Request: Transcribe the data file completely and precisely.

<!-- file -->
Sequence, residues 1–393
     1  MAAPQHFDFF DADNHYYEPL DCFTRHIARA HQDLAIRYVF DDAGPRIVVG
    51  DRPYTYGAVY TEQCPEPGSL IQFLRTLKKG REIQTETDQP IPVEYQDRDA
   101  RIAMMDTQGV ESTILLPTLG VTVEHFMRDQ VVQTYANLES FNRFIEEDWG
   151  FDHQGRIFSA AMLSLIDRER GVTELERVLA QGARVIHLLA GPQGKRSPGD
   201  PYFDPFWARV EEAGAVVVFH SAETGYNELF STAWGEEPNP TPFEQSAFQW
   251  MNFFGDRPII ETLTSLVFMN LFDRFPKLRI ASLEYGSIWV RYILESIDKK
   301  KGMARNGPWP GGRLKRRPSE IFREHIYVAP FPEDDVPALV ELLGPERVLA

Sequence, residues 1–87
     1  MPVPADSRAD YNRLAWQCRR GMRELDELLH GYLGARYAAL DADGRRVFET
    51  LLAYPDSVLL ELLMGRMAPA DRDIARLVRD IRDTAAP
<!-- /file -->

Sequence, residues 1–393
     1  MAAPQHFDFF DADNHYYEPL DCFTRHIARA HQDLAIRYVF DDAGPRIVVG
    51  DRPYTYGAVY TEQCPEPGSL IQFLRTLKKG REIQTETDQP IPVEYQDRDA
   101  RIAMMDTQGV ESTILLPTLG VTVEHFMRDQ VVQTYANLES FNRFIEEDWG
   151  FDHQGRIFSA AMLSLIDRER GVTELERVLA QGARVIHLLA GPQGKRSPGD
   201  PYFDPFWARV EEAGAVVVFH SAETGYNELF STAWGEEPNP TPFEQSAFQW
   251  MNFFGDRPII ETLTSLVFMN LFDRFPKLRI ASLEYGSIWV RYILESIDKK
   301  KGMARNGPWP GGRLKRRPSE IFREHIYVAP FPEDDVPALV ELLGPERVLA

Sequence, residues 1–87
     1  MPVPADSRAD YNRLAWQCRR GMRELDELLH GYLGARYAAL DADGRRVFET
    51  LLAYPDSVLL ELLMGRMAPA DRDIARLVRD IRDTAAP